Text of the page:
Infants need adults to help their imagination grow
The Sector > Research > For infants and toddlers to become imaginative, they need adults to join in play

For infants and toddlers to become imaginative, they need adults to join in play

by Freya Lucas

June 10, 2024

Adults play an essential role in helping the development of play and imagination among infants and toddlers, new Australian research has shown. 


The Australian Catholic University (ACU) partnered with Monash University in the work, which revealed that infants and toddlers as young as four months can engage in collective imagining with the help of adults. 


Infants and toddlers gradually demonstrate an understanding of the changing roles of play items such as toy trucks from being concrete objects, to artifacts, to props, ACU associate lecturer Susan Yu shared, noting that the findings show the importance of adult involvement in helping infant-toddlers to develop their ability to play and to imagine.


“This research provides us with exciting new insights into the under-researched area of the development of infant-toddlers’ play and imagination,” Ms Yu said, “(and) show that the involvement of adults plays a crucial role in this important development.”


Published in Learning, Culture and Social Interaction, the study is part of a national program of research at Monash University’s Conceptual PlayLab, which is funded through ARC Laureate Grant 2018-2024 (awarded to Sir John Monash Distinguished Professor Marilyn Fleer).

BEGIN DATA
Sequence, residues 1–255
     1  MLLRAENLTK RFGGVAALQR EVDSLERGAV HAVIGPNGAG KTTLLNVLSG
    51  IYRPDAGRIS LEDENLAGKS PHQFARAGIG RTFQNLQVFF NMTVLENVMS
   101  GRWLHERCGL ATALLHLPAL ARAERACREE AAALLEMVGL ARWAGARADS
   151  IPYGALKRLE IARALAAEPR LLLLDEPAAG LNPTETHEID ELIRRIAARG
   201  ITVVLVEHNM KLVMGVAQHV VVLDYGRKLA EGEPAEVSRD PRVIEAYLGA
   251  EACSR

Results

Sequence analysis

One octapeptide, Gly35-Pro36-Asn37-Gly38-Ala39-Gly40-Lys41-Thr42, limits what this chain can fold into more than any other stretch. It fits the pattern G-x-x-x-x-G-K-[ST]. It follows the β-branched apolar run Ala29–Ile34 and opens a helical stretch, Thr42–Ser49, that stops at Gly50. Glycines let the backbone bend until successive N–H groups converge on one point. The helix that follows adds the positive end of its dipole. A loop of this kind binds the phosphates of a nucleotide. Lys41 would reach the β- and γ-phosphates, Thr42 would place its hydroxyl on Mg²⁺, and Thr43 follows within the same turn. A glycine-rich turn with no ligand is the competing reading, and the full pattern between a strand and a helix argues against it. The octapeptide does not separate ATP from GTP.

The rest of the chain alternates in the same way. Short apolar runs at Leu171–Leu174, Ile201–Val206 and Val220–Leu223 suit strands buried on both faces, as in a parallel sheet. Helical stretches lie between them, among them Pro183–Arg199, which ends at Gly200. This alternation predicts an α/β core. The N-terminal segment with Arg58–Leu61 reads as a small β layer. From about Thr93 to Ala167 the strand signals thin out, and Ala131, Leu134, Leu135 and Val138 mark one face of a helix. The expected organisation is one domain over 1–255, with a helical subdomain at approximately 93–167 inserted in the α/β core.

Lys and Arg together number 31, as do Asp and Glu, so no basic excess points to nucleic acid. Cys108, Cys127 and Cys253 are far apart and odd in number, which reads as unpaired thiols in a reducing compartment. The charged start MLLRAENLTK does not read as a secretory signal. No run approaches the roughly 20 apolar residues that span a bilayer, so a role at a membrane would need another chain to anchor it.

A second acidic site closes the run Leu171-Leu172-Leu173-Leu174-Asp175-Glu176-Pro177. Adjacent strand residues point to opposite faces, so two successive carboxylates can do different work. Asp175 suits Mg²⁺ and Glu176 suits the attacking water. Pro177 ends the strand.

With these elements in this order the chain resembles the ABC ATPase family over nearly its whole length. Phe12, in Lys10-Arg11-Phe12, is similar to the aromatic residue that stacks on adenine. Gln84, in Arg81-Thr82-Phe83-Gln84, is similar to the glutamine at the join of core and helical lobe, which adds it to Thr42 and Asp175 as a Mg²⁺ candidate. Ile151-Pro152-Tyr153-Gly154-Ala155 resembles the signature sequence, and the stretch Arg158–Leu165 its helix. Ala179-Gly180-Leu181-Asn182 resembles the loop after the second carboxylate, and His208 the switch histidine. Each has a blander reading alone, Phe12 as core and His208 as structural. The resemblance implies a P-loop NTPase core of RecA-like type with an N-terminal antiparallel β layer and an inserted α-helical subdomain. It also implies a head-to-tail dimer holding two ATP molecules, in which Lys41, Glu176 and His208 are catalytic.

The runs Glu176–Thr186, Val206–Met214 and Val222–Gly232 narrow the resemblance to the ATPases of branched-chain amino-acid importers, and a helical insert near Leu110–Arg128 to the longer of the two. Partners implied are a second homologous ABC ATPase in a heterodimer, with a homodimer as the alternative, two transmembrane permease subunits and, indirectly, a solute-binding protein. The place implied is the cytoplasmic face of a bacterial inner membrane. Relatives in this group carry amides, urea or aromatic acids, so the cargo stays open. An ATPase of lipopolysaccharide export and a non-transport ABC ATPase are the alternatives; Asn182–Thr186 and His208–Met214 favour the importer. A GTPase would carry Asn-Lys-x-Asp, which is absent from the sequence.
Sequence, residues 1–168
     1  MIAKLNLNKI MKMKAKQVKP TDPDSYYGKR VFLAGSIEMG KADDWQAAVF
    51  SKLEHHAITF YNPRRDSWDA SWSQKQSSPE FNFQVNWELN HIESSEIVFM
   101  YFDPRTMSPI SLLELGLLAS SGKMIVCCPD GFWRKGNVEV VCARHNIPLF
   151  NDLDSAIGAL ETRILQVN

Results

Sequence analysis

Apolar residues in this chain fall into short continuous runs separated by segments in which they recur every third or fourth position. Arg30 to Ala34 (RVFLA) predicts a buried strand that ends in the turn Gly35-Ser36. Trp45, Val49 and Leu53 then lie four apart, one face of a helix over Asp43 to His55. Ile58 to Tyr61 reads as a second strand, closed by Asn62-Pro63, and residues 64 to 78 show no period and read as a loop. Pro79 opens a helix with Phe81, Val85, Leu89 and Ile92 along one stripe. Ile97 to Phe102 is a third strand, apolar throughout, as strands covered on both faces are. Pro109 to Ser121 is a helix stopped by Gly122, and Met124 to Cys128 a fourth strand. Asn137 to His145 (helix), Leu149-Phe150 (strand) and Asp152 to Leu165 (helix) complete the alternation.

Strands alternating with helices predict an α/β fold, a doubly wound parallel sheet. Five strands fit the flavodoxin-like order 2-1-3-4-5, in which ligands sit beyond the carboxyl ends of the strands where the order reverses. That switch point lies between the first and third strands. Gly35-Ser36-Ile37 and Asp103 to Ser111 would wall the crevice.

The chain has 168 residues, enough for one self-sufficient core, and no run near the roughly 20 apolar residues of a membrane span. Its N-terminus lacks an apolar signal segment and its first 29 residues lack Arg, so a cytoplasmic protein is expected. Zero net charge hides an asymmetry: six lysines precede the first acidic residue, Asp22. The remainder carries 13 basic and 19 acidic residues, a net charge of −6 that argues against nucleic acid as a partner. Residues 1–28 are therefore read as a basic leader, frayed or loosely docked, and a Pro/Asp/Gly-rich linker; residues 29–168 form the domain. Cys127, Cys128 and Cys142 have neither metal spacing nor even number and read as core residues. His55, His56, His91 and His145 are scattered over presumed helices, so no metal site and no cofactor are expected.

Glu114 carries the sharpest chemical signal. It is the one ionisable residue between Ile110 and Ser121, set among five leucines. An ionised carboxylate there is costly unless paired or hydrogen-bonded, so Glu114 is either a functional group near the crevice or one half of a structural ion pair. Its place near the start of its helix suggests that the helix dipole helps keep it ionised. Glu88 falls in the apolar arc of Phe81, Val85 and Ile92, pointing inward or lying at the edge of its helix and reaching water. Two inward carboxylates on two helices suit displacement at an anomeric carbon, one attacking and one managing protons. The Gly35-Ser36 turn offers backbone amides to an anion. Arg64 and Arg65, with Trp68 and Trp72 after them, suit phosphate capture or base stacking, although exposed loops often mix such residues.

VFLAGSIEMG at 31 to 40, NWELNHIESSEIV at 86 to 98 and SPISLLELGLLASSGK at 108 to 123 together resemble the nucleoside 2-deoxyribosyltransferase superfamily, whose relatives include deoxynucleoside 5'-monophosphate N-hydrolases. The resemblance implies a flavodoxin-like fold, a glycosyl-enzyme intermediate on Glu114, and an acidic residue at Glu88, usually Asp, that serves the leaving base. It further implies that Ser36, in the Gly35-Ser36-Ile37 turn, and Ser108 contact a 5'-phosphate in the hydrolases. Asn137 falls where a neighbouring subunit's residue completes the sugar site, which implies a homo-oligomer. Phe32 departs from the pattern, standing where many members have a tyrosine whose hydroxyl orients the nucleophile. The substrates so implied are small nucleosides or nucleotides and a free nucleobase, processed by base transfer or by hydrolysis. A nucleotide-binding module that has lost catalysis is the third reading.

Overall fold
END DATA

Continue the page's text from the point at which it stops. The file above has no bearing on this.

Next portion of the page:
The foundational work on supporting children’s play and imagination in this study is based on Fleer’s Conceptual PlayWorld model.


Using the story We’re Going on a Bear Hunt, 18 Melbourne-based families with infants and toddlers aged between four and 24 months were supported with collaboratively-designed ideas on how to bring the story to life through play such as dramatizing the “splash splosh” scene through the river, putting on binoculars to look for bears, and using real grass as a sensory link to the “swishy swashy” grass in the story.


“We found that by co-constructing these imaginary experiences with the children, adults were able to help them give new meaning to objects and their actions, which then supports the development of their play and imagination,” Ms Yu said.


“The rich data collected through interviews with families and dozens of hours of digital video data of play sessions has filled the gap when it comes to understandings of the play and imagination of infants and toddlers aged under two years old in family settings.”


“It’s clear that infant-toddlers have the capacity to engage in collective imagining with adult support.”


Monash University’s Dr Prabhat Rai, who leads Conceptual PlayLab’s work with families, said the Conceptual PlayWorld empowered parents and children to develop play and imagination and learn STEM in their home environment.


“These aims feature prominently in Ms Yu’s doctoral research project, which was supervised by Monash University,” she said. “This research shows how we can empower families with the skills and knowledge to inspire and celebrate children’s imaginations.”


Ms Yu said she hoped the findings of the study would help families to understand the value of play.


“It’s important that adults in family settings take the initiative to create motivating conditions for playing with their children, not to mention being a great way to bond and have fun,” she said. 


Click here for a link to the study.

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